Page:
Another aliquot of the above antigens was conjugated with Alexa 594 fluorophore (Molecular Probes, Eugene, Oreg., USA), employing the Alexa Fluor® 594 Protein Labeling Kit (Molecular Probes) and following the instructions of the kit. The final Moles dye/Moles protein ratio was in a range of from about 4 to about 6 and the final antigen concentration was about 2 mg protein/mL conjugate solution.

HIV-1 positive plasma specimens were obtained from the Kaplan Medical Center, Rehovoth, Israel. HIV-1 Seroconversion specimens were obtained from Serologicals Corp. (Norcross, Ga., USA). Negative specimens were obtained from Intergen/Serologicals Corp.

Each specimen was diluted 1:100 into Tris Buffered Saline with Tween-20 detergent. The fluorophore conjugated antigen mix was then added in a final dilution of 1:50. Eighty microliters of this mixture were applied on the sample pad of the above strips. The fluorescence from the antigen line of the strip was determined 30 minutes later.

The fluorescence reader was set to display 1000 counts for a blank strip and the maximal possible fluorescence reading was 13000.

Ten HIV-1 positive specimens, including seroconversion specimens, yielded fluorescence emission readings ranging from 5220 to 9800 counts. Seven HIV-1 negative specimens yielded readings ranging from 3108 to 4925 counts. These results clearly show that an exemplary device according to the present invention was able to distinguish between HIV-1 positive and HIV-1 negative specimens. Hence, the invention provides fluorescence based method and device for a sensitive detection of antibodies employing low cost and low power light emitting and light detection components.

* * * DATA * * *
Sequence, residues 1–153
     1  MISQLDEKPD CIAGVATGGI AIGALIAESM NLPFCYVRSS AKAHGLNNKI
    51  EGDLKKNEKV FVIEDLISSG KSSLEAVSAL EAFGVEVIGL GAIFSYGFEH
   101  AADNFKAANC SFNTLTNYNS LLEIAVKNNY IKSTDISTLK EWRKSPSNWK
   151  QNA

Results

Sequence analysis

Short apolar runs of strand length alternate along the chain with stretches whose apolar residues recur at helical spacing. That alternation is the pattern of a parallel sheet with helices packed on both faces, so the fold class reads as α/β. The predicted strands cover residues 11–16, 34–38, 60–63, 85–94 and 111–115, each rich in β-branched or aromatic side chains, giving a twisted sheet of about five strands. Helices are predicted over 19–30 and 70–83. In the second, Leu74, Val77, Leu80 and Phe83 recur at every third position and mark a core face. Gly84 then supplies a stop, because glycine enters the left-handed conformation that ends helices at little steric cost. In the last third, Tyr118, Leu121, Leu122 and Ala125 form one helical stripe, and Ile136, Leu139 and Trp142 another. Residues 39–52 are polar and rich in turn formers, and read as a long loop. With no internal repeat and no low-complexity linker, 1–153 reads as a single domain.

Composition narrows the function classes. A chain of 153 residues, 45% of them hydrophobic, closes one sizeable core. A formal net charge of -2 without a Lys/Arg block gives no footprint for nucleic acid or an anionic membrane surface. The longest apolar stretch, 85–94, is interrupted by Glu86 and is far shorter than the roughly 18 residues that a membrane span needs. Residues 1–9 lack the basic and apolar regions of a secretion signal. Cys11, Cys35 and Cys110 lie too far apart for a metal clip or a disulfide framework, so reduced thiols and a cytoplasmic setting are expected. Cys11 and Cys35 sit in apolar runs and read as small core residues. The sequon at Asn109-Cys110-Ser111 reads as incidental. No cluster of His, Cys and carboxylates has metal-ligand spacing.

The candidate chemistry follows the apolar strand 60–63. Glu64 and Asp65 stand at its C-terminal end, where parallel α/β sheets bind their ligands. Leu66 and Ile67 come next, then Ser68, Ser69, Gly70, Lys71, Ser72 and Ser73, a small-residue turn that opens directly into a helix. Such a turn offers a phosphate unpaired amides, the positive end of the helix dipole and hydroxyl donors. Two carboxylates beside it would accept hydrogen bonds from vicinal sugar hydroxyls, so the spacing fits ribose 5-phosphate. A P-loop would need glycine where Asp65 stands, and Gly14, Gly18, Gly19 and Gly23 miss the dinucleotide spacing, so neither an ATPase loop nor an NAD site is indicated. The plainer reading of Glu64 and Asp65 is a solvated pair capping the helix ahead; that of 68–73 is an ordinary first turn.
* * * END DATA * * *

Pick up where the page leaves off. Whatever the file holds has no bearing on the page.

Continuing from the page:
It will be appreciated that the above descriptions are intended only to serve as examples, and that many other embodiments are possible within the spirit and the scope of the present invention.

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US7939342Mar 30, 2005May 10, 2011Kimberly-Clark Worldwide, Inc.Diagnostic test kits employing an internal calibration system
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Classifications
U.S. Classification250/461.1
International ClassificationG01N21/75, G01N21/77, G01N21/86, G01N21/64
Cooperative ClassificationG01N2021/7786, G01N2021/6439, G01N2201/0628, G01N2021/7763, G01N2201/062, G01N21/8483, G01N2201/0221, G01N2201/0222, G01N21/645, G01N2021/757, G01N33/549, G01N2021/7759, G01N21/64, G01N2201/0245
European ClassificationG01N21/84R, G01N21/64P, G01N21/64
Legal Events
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Free format text: ASSIGNMENT OF ASSIGNORS INTEREST;ASSIGNORS:FISH, FALK;GREENBERG, ZVI;FAKTOR, OURIEL;REEL/FRAME:016161/0694;SIGNING DATES FROM 20040615 TO 20040621